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The noun minutes–the one that refers to “a summary or record of what is said or decided at a formal meeting”–is plural. Yup, even if we’re talking about one record covering one meeting.

 

Why? Because it is an aggregate noun. So what? The word aggregate refers to a “whole formed by combining several elements that are typically disparate,” i.e., elements that are different in kind. (I’d like to think of these elements as “hiwalayable.” :D)

 

In grammar, an aggregate noun is a single collection made up of individual parts. It is plural because each part is considered distinct, separable and equally significant. Unlike a collective noun, an aggregate noun cannot be used with a or an and often uses a plural form.

 

Examples: With the development of the Internet, communications are being revolutionized at a dizzying speed. The headquarters are ready for the chief’s retirement. Congratulations are in order. The stairs need repairs.

 

I think that the word minutes collects all the minutes spent at the meeting but considers each minute significant and separable, hence, the collection is treated as plural.

 

Some aggregate nouns are singular in form but still use plural verbs.

 

Examples: The police are still looking for the Olympic Park bomber. The people are excited about the upcoming concert. The clergy were ready for the TV crew.

 

Some aggregate nouns can use either singular or plural verb forms.

 

Examples: The data [is/are] inconclusive on that point. (Note: Modern usage often treats data as singular.)

The laity [has/have] played an important role in the history of the church.

 

 

References: The New Oxford-American Dictionary, Learner’s Dictionary, Oxford Learner’s Dictionary

Photo credit: DriverLayer.com

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5 thoughts on “Minutes: Singular or Plural?

  1. Hi Miss Janet, 

    have a good day…

    i just need some help from you.

    sorry but it was a bit urgent, because tomorrow

    im going to present in front of my big boss and i am not used to it. 

    I just wondering if you can help me how to make or create an authentic message only for 5 minutes regarding my position being trained for a higher position in my job?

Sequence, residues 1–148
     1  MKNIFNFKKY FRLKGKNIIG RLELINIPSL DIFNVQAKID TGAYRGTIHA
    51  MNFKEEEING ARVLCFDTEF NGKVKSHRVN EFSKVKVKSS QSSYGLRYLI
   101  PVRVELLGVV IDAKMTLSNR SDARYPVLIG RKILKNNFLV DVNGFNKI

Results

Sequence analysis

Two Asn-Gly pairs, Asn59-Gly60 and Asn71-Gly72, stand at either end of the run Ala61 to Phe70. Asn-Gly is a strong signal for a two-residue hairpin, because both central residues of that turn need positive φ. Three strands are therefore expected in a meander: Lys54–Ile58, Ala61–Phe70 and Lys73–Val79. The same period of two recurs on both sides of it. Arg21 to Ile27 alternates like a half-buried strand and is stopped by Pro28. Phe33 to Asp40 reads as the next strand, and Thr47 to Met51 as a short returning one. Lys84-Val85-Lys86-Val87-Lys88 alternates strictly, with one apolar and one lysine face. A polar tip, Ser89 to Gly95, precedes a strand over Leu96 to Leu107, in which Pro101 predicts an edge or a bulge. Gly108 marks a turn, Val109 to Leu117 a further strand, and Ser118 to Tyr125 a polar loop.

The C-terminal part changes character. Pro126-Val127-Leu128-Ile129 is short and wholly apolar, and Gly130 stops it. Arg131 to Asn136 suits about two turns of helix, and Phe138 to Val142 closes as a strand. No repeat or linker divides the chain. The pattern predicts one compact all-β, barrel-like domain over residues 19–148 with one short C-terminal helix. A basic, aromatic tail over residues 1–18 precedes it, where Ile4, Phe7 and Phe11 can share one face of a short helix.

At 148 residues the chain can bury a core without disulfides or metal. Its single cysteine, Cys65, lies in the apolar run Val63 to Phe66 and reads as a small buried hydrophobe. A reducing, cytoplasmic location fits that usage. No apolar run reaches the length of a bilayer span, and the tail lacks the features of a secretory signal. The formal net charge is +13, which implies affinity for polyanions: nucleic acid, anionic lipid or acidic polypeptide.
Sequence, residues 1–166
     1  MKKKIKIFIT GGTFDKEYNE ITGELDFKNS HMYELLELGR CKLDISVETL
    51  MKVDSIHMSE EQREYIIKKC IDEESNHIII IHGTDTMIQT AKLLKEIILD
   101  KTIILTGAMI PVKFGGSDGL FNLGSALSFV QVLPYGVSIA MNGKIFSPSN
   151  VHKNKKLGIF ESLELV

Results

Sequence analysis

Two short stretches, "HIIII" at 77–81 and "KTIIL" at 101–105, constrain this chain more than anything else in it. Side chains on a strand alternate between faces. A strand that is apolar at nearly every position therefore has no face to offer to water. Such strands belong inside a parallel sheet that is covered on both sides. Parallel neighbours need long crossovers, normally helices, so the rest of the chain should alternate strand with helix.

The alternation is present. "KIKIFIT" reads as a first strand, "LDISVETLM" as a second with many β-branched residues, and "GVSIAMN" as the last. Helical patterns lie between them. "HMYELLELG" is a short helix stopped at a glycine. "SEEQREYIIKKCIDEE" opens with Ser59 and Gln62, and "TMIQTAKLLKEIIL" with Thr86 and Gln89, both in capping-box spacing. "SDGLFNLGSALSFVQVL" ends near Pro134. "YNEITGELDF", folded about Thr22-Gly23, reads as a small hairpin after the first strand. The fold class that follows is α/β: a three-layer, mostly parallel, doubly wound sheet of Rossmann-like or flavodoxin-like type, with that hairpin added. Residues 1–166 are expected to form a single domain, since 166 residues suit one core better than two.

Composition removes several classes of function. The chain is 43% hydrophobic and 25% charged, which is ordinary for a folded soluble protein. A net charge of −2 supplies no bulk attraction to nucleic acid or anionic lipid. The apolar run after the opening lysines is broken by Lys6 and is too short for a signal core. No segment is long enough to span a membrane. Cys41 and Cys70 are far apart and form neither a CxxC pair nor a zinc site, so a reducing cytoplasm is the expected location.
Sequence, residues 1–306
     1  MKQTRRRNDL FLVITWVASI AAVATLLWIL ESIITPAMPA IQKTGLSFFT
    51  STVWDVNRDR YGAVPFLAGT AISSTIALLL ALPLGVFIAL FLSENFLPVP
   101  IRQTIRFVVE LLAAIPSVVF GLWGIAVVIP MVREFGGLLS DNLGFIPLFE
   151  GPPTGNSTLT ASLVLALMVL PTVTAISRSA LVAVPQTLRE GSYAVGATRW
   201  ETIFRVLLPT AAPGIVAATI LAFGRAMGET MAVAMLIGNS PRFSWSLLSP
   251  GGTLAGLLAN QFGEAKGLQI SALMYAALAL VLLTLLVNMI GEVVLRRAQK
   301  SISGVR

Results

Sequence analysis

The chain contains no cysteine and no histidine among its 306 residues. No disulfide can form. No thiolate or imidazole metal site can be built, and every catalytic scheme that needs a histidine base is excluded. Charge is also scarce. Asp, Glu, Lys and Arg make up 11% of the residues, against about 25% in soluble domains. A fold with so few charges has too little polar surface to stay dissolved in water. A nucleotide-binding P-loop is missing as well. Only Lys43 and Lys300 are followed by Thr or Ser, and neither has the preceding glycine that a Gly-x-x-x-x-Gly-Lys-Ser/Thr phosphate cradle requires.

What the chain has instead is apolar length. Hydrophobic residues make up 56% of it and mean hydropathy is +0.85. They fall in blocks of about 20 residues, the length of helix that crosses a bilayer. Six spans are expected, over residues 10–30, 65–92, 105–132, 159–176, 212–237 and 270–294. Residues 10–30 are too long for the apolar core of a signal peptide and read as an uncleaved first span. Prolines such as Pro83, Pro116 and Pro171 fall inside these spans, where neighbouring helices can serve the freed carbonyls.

Thanks a lot!!!

    yours, 

    grace chica

    Sent from Yahoo Mail on Android

    From:”Using a Borrowed Language” Date:Mon, May 4, 2015 at 1:35 Subject:[New post] Minutes: Singular or Plural?

    Janet posted: “The noun minutes–the one that refers to “a summary or record of what is said or decided at a formal meeting”–is plural. Yup, even if we’re talking about one record covering one meeting.   Why? Because it is an aggregate noun. So what? The wor”

    • Hi, Grace! I’m so sorry for missing your note. I have been very busy because we left last Thursday for the U.S. I am here now for training. I hope your presentation went well. I receive many requests, actually, and I wish I have enough time to answer and help all; regrettably, I have very limited time. That’s actually one reason why I created this blog–so I could help more with my posts since I don’t have time to address each request. :( So sorry!

  2. Ma’am Janet,

    Which is correct? My 8 points go to … Or goes to …? The judges at Your Face Sounds Familiar do not seem to agree on a common usage.
    Thanks!

    • Hmmm. I’d probably say, “My 8 points goes to…” because I’ll be referring to the score of 8 points (treating 8 points as one, unitary score, that is, “forming a single or uniform entity”).

      But if the judges were referring to each individual point, then they can use the plural “go” as if saying, “All the points (not just one but all) go to …”

      It would then depend on what the judges mean.

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